A clear majority of the state’s registered voters remain supportive of the idea of safe zones for homeless encampments where people could stay without fear of getting repeatedly removed, according to the results of the latest Honolulu Star-Advertiser Hawaii Poll.
Of those polled, 62 percent said they support safe zones while 20 percent oppose them, a 3-to-1 margin. The remaining 18 percent of those who responded said they were undecided.
The telephone poll of 800 registered voters statewide was conducted July 6-11 by Mason-Dixon Polling & Strategy of Washington, D.C. The margin of error is plus or minus 3.5 percentage points.
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The poll numbers are strikingly similar to the Hawaii Poll taken in March, when 62 percent of those responding said they supported safe zones, 18 percent said they opposed them and 20 percent were undecided.
The support for safe zones was fairly the same regardless of age, sex, ethnicity, party identification or region. The demographic showing the least support was men, with 57 percent compared with 66 percent of women. The most support is among Caucasians with 69 percent.
One of Oahu’s biggest homeless encampments — Pu‘uhonua o Waianae, next door to the Waianae Small Boat Harbor — had once been considered a potential model for what government-sanctioned homeless “safe zones” could look like across the islands. But complaints about unsanitary conditions and environmental damage led to debate over establishment of safe zones at this year’s Legislature.
Despite reservations from the governor and Honolulu mayor that homeless “tent cities” have drawbacks, the Legislature passed Senate Bill 2401, calling for the establishment of an “ohana zones” pilot project with at least six sites throughout the state. The bill came with a $30 million earmark.
Safe zones have now become a point of contention in this year’s gubernatorial election campaign.
Gov. David Ige, without fanfare, last week signed the bill into law even though his administration had voiced reservations about the measure throughout the session, stating that safe zones had been ineffective where used on the mainland. Congresswoman Colleen Hanabusa, Ige’s chief opponent in the Aug. 11 Democratic primary, said she supports safe zones as a “promising approach” and criticized Ige for foot-dragging on the issue.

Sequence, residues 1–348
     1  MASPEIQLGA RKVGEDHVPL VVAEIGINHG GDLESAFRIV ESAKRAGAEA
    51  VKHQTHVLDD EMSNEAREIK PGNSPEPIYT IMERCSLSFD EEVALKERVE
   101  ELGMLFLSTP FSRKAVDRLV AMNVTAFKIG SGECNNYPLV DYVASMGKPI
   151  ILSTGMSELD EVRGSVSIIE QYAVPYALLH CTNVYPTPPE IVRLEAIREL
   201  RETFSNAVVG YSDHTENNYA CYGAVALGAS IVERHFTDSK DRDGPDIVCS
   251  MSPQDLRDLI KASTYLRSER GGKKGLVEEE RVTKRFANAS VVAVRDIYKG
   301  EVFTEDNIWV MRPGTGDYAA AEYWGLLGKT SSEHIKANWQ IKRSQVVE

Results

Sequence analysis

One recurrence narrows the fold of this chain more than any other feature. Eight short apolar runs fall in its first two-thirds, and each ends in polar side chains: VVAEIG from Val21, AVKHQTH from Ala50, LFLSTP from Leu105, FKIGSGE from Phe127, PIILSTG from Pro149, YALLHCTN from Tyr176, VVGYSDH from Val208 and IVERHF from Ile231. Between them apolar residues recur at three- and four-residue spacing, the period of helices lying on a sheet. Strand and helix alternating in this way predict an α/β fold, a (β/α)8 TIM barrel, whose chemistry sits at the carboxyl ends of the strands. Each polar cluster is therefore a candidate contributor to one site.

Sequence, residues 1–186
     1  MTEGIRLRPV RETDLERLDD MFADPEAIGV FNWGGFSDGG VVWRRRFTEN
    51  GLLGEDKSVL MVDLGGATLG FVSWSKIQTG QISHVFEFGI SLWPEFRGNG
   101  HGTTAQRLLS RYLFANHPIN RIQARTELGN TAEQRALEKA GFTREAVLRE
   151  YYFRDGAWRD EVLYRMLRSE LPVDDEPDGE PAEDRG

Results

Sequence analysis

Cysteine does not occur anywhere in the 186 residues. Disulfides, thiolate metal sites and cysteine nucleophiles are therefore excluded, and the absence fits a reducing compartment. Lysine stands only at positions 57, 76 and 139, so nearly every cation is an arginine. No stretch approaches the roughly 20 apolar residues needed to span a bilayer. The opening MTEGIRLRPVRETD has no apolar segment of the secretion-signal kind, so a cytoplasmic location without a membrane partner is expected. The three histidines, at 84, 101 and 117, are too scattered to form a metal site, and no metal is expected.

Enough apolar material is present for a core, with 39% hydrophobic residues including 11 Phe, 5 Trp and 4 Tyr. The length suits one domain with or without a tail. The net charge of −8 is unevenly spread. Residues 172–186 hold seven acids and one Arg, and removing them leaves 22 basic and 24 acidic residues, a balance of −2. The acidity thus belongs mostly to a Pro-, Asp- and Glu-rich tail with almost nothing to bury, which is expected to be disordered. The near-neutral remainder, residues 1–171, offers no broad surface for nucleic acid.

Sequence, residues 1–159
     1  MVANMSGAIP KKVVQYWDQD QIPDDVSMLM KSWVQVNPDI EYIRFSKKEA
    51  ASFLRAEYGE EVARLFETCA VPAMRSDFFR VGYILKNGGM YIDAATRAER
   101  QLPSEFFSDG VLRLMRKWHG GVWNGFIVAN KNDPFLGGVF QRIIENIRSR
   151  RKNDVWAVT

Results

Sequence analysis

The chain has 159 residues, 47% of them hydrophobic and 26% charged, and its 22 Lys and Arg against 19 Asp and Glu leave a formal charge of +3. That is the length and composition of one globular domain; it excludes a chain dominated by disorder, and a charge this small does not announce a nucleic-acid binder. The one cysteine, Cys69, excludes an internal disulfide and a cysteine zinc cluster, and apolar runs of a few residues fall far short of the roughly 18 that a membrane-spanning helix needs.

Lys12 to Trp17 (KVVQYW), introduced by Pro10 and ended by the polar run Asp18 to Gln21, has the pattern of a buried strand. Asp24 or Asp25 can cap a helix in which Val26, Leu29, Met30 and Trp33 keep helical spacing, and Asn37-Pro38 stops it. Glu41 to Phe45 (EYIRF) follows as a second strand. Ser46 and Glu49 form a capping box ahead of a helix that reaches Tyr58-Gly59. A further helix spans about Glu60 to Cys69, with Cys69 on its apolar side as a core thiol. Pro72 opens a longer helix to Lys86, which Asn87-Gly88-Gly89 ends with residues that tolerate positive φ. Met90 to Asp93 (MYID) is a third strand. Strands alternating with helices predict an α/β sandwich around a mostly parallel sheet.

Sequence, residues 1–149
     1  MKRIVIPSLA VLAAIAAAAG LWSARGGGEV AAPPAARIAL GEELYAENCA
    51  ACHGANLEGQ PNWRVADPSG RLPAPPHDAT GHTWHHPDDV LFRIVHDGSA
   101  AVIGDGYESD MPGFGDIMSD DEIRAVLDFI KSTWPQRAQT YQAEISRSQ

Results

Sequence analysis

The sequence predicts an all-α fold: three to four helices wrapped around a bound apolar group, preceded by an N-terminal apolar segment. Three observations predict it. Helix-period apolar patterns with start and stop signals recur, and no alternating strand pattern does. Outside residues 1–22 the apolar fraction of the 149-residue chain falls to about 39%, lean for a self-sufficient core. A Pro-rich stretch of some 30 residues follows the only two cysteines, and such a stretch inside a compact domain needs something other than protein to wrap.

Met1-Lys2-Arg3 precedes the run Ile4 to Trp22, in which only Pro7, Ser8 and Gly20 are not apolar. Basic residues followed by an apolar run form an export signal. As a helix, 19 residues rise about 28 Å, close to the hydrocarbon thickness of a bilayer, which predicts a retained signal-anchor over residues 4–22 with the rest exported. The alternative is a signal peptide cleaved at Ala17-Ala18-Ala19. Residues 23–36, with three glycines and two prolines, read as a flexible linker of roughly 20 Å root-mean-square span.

Scott Morishige, Ige’s coordinator on homelessness, said Monday that the administration still opposes the notion of tent cities. Nonetheless, he said, there is enough flexibility in the Legislature’s bill to be able to use the money for other homeless initiatives.
The bill defines an ohana zone as a place “that has a program to address basic needs of individuals experiencing homelessness” and “where wrap-around services, social and health care services, transportation and other services may be offered with the goals of alleviating poverty and transitioning individuals experiencing homelessness into affordable housing.”
“We’re committed to continuing to look at strategies that focus on permanent housing and creating a quick pathway to permanent housing for people experiencing homelessness in the community,” Morishige said. “We’re in discussion right now with some of the counties about projects that would be able to provide long-term housing with supportive services for people who are in shelters. What we need really to address the problem that we’re seeing right now is we don’t need just temporary or short-term solutions.”
He pointed to the Housing First programs that both the state and city have implemented where permanent housing and supporting services are given priority.
“We believe that the ohana zone funding may provide us some flexibility to do that,” Morishige said.
Hanabusa, in a statement, suggested that Ige should stick to the original intent of the bill.
“We need strong leadership to implement a comprehensive, coordinated plan on homelessness — something that the Ige administration never did,” Hanabusa said. “Four years in, and the Ige administration still has not come up with a comprehensive plan. That is inexcusable.”